cohort profile the flu watch study CORD-Papers-2022-06-02 (Version 1)

Title: Cohort Profile: The Flu Watch Study
Published: 2016-03-03
Journal: Int J Epidemiol
DOI: 10.1093/ije/dyv370
DOI_URL: http://doi.org/10.1093/ije/dyv370
Author Name: Fragaszy Ellen B
Author link: https://covid19-data.nist.gov/pid/rest/local/author/fragaszy_ellen_b
Author Name: Warren Gash Charlotte
Author link: https://covid19-data.nist.gov/pid/rest/local/author/warren_gash_charlotte
Author Name: Wang Lili
Author link: https://covid19-data.nist.gov/pid/rest/local/author/wang_lili
Author Name: Copas Andrew
Author link: https://covid19-data.nist.gov/pid/rest/local/author/copas_andrew
Author Name: Dukes Oliver
Author link: https://covid19-data.nist.gov/pid/rest/local/author/dukes_oliver
Author Name: Edmunds W John
Author link: https://covid19-data.nist.gov/pid/rest/local/author/edmunds_w_john
Author Name: Goonetilleke Nilu
Author link: https://covid19-data.nist.gov/pid/rest/local/author/goonetilleke_nilu
Author Name: Harvey Gabrielle
Author link: https://covid19-data.nist.gov/pid/rest/local/author/harvey_gabrielle
Author Name: Johnson Anne M
Author link: https://covid19-data.nist.gov/pid/rest/local/author/johnson_anne_m
Author Name: Kovar Jana
Author link: https://covid19-data.nist.gov/pid/rest/local/author/kovar_jana
Author Name: Lim Megan SC
Author link: https://covid19-data.nist.gov/pid/rest/local/author/lim_megan_sc
Author Name: McMichael Andrew
Author link: https://covid19-data.nist.gov/pid/rest/local/author/mcmichael_andrew
Author Name: Millett Elizabeth RC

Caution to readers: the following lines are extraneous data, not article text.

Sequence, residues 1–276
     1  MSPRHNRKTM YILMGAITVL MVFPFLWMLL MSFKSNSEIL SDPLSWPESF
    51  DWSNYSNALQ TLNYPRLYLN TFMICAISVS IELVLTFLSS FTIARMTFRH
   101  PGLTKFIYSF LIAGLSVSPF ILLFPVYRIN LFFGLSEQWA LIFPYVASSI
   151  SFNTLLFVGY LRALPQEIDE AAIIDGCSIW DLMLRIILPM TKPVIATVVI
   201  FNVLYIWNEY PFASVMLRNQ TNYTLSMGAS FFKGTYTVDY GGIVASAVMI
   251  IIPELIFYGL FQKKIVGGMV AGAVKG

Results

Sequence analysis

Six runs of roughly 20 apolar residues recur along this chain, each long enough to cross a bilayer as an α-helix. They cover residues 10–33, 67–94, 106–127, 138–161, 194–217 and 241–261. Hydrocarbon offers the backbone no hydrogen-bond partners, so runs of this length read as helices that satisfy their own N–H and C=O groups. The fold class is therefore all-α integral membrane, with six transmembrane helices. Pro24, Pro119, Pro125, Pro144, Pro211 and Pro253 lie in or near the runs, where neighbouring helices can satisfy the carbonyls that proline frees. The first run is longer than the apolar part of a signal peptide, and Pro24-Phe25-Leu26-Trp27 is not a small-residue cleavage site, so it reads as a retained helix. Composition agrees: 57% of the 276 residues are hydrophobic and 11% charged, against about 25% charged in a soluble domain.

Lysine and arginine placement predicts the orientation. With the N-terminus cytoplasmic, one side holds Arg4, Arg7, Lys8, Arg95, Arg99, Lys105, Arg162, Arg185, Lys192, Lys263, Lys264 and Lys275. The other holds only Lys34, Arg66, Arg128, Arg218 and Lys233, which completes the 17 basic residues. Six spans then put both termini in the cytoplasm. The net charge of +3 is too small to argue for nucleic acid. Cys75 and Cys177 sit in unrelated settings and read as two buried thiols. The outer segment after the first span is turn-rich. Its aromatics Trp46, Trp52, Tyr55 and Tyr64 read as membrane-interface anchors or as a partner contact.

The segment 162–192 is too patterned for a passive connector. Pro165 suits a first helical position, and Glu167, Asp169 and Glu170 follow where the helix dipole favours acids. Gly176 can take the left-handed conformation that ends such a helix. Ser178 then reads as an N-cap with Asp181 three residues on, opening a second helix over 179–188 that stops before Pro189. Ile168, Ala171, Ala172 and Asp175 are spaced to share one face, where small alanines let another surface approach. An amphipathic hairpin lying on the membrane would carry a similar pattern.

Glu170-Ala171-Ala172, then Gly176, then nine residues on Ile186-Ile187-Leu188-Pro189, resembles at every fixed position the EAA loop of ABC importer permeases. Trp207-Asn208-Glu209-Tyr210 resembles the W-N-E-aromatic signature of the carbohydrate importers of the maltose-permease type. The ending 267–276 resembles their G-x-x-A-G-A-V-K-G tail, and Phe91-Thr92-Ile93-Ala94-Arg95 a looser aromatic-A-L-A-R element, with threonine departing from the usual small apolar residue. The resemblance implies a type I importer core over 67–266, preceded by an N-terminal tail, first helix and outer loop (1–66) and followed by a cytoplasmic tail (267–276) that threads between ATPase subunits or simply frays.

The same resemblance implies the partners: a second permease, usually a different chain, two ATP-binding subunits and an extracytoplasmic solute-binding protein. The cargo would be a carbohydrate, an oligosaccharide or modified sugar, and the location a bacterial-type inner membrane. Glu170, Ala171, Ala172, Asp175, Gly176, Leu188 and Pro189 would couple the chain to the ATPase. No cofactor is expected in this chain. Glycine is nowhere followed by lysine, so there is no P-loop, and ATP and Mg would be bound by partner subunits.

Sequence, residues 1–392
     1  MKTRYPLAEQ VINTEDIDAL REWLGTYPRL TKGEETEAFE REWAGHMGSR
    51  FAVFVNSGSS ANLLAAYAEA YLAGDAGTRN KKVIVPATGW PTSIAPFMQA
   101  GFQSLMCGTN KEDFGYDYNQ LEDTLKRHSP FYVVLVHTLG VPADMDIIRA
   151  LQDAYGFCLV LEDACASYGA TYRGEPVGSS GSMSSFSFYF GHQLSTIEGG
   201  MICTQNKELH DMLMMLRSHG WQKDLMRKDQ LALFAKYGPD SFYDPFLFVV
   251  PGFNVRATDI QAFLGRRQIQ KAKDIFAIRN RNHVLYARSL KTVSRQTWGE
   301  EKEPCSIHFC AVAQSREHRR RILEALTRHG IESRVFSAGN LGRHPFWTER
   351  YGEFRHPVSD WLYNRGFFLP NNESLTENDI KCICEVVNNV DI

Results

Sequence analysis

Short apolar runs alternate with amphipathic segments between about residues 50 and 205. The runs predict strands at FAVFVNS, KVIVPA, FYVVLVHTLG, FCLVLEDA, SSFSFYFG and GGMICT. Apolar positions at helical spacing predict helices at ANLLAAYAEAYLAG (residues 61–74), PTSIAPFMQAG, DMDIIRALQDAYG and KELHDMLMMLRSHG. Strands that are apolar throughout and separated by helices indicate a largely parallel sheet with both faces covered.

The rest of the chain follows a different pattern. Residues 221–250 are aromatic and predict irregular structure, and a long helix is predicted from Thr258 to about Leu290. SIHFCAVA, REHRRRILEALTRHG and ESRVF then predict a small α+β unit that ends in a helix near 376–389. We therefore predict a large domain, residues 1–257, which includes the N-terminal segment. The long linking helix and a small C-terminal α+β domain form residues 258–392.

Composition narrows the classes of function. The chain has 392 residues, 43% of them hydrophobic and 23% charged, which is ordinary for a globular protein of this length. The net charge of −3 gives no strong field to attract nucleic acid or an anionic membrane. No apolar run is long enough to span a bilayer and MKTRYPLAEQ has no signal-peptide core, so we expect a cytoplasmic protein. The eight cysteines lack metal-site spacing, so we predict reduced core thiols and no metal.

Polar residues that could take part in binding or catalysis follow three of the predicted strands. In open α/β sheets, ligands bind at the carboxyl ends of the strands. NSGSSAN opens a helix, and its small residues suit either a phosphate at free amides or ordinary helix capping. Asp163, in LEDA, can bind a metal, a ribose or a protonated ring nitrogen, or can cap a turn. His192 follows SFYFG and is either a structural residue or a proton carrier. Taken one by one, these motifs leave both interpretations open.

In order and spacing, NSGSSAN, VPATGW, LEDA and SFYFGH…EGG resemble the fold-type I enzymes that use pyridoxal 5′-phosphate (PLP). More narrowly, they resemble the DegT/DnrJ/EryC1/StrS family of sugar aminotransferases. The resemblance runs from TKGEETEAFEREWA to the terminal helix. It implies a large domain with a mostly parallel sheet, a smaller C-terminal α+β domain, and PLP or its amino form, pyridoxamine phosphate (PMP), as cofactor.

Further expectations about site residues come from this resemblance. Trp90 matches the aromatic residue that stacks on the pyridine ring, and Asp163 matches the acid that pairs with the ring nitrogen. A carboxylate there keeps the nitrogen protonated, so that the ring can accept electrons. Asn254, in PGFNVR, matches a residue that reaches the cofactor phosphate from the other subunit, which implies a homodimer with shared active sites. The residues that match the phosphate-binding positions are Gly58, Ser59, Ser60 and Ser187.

Author link: https://covid19-data.nist.gov/pid/rest/local/author/millett_elizabeth_rc
Author Name: Nazareth Irwin
Author link: https://covid19-data.nist.gov/pid/rest/local/author/nazareth_irwin
Author Name: Nguyen Van Tam Jonathan S
Author link: https://covid19-data.nist.gov/pid/rest/local/author/nguyen_van_tam_jonathan_s
Author Name: Tabassum Faiza
Author link: https://covid19-data.nist.gov/pid/rest/local/author/tabassum_faiza
Author Name: Watson John M
Author link: https://covid19-data.nist.gov/pid/rest/local/author/watson_john_m
Author Name: Wurie Fatima
Author link: https://covid19-data.nist.gov/pid/rest/local/author/wurie_fatima
Author Name: Zambon Maria
Author link: https://covid19-data.nist.gov/pid/rest/local/author/zambon_maria
Author Name: Hayward Andrew C
Author link: https://covid19-data.nist.gov/pid/rest/local/author/hayward_andrew_c
sha: 64ee665b9ca47283ff31e1789655e70838efc849
license: cc-by
license_url: https://creativecommons.org/licenses/by/4.0/
source_x: Medline; PMC
source_x_url: https://www.medline.com/https://www.ncbi.nlm.nih.gov/pubmed/
pubmed_id: 26940466
pubmed_id_url: https://www.ncbi.nlm.nih.gov/pubmed/26940466
pmcid: PMC5837336
pmcid_url: https://www.ncbi.nlm.nih.gov/pmc/articles/PMC5837336
url: https://doi.org/10.1093/ije/dyv370 https://www.ncbi.nlm.nih.gov/pubmed/26940466/
has_full_text: TRUE
Keywords Extracted from Text Content: Baseline/pre-season phase A Serology Human T cell Blood T cells Flu Watch UK rhinovirus human C;(ii children human influenza viruses participants muscle human metapneumovirus serum samples bloods T cell samples RSV pigs coronavirus Virology blood samples SMS adenovirus swine women people AH1N1 nasal swabs H3N2 strains blood volunteer nasal swab influenza-specific T cells B wipe-clean H1N1 pandemic strain hMPV IFN-celispots CD8/4 Post-season T cell Peripheral blood mononuclear cells IFN-celispot Flu Watch participants intracellular PBMC